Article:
Substance Abuse and Homelessness


According to the National Coalition for the Homeless, a large proportion of homeless individuals struggle with substance abuse (2009). Although this may be true, in order for one to overcome this problem, it should be seen as an illness which needs a large amount of treatment and support (National Coalition for the Homeless, 2009). Substance abuse can be a cause of homelessness but it also may arise as a result of it (National Coalition for the Homeless, 2009). Gathering an accurate count of substance abuse among homelessness is difficult but in 2003, the Substance Abuse and Mental Health Services Administration estimated that 38% of homeless people were alcohol dependent and 26% were dependent on drugs other than alcohol (National Coalition for the Homeless, 2009).

Among homeless people, substance abuse is much more common than among the general population (National Coalition for the Homeless, 2009). Addiction often leads to fractured relationships with friends and family and can often cause individuals to become unemployed further intensifying the problem (National Coalition for the Homeless, 2009). In 2008, the United States Conference of Mayors conducted a survey of 25 cites to find the top three causes of homelessness and for single adults, substance abuse was the number one cause of homelessness (National Coalition for the Homeless, 2009). 12% of cities also cited substance abuse as one of the top three causes of homelessness among families (National Coalition for the Homeless, 2009).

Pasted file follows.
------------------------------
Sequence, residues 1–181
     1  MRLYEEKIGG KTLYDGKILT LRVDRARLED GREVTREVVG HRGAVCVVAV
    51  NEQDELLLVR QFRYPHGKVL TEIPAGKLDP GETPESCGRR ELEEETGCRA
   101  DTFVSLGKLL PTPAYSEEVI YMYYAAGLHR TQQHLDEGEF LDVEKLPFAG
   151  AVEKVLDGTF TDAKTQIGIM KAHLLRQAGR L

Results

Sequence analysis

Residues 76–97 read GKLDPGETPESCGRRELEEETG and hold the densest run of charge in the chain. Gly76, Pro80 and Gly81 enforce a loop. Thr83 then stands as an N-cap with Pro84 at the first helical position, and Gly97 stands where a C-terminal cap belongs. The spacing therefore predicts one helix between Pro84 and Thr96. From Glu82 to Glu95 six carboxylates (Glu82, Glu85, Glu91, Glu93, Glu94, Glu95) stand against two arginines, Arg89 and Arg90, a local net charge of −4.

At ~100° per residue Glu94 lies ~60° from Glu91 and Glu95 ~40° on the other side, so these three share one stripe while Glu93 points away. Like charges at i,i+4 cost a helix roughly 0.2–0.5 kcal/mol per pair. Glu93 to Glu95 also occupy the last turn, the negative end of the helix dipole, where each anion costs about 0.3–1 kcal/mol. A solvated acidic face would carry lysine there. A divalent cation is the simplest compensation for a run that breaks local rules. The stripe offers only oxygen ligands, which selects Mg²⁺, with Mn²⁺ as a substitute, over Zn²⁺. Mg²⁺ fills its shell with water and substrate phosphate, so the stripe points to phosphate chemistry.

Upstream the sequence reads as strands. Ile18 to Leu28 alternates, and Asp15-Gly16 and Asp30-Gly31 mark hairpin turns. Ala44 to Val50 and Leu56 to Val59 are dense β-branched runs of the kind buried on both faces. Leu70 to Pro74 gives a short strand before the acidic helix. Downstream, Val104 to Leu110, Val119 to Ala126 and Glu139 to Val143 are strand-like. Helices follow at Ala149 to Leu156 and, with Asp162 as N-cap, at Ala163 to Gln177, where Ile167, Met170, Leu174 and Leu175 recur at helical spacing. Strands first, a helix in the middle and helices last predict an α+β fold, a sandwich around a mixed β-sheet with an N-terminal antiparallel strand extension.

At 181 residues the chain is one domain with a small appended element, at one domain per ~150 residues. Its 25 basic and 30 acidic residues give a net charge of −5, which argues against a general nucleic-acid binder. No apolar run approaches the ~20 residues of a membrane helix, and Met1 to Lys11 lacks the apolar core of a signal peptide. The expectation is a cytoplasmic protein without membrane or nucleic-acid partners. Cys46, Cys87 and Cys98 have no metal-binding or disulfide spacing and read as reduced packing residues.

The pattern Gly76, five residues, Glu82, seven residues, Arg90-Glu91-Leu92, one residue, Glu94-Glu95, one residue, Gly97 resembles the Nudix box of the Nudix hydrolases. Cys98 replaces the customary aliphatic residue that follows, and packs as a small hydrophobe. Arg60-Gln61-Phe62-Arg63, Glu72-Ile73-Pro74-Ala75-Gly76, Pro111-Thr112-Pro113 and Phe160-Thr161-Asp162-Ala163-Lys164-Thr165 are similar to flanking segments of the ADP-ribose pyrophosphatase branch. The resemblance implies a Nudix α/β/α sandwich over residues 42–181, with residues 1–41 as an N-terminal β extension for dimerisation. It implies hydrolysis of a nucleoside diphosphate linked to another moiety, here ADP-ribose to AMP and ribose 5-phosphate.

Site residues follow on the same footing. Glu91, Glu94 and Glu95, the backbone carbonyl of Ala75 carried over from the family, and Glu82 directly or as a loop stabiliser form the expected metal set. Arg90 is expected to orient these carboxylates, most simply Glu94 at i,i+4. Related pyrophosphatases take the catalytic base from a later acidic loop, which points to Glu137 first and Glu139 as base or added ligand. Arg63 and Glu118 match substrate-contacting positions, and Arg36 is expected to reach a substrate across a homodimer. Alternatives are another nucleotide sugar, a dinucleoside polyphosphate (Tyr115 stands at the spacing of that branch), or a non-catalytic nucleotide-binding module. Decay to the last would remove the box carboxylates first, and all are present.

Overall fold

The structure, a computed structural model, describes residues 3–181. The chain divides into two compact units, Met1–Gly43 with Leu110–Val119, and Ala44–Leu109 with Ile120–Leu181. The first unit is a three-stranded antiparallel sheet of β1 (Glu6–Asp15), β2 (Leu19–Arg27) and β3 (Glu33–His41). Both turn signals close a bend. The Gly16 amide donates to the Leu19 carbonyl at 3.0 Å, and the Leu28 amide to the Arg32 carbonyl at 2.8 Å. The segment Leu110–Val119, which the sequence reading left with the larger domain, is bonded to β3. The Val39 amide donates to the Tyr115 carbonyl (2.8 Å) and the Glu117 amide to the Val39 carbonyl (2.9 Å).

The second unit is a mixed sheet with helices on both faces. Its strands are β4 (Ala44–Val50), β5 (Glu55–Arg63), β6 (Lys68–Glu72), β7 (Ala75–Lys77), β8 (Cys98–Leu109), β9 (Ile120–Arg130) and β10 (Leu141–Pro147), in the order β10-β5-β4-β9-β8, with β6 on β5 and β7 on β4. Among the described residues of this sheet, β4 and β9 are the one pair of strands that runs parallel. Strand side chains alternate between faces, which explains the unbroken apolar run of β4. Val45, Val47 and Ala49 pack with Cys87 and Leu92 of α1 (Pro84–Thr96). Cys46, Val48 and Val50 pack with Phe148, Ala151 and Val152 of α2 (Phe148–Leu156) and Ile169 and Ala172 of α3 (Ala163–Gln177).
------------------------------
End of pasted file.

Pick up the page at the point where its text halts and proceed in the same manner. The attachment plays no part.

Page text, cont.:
Although substance abuse can be a direct or indirect cause of homelessness, it may also stem from it (National Coalition for the Homeless, 2009). Many people who have nowhere to turn to, often seek out drugs and alcohol as a way of dealing with their situation (National Coalition for the Homeless, 2009). Drugs and alcohol are often seen as a way to escape form problems, but in contrast, it only makes the problems worse (National Coalition for the Homeless, 2009). Substance abuse lowers the chances of finding employment and a home (National Coalition for the Homeless, 2009).

Substance abuse can be a direct cause of homelessness and can also become a bigger problem once a person is homeless. Although some people choose drugs and alcohol over employment and stability, many turn to them as a result of becoming homeless. Here at T’s 4 Hope, we wish to spread awareness about this problem and the consequences it has on individuals, communities, and our nation as a whole. If you would like to volunteer, please contact us at Ts4Hope@yahoo.com or 954-867-6765.

Reference:

National Coalition for the Homeless, 2009

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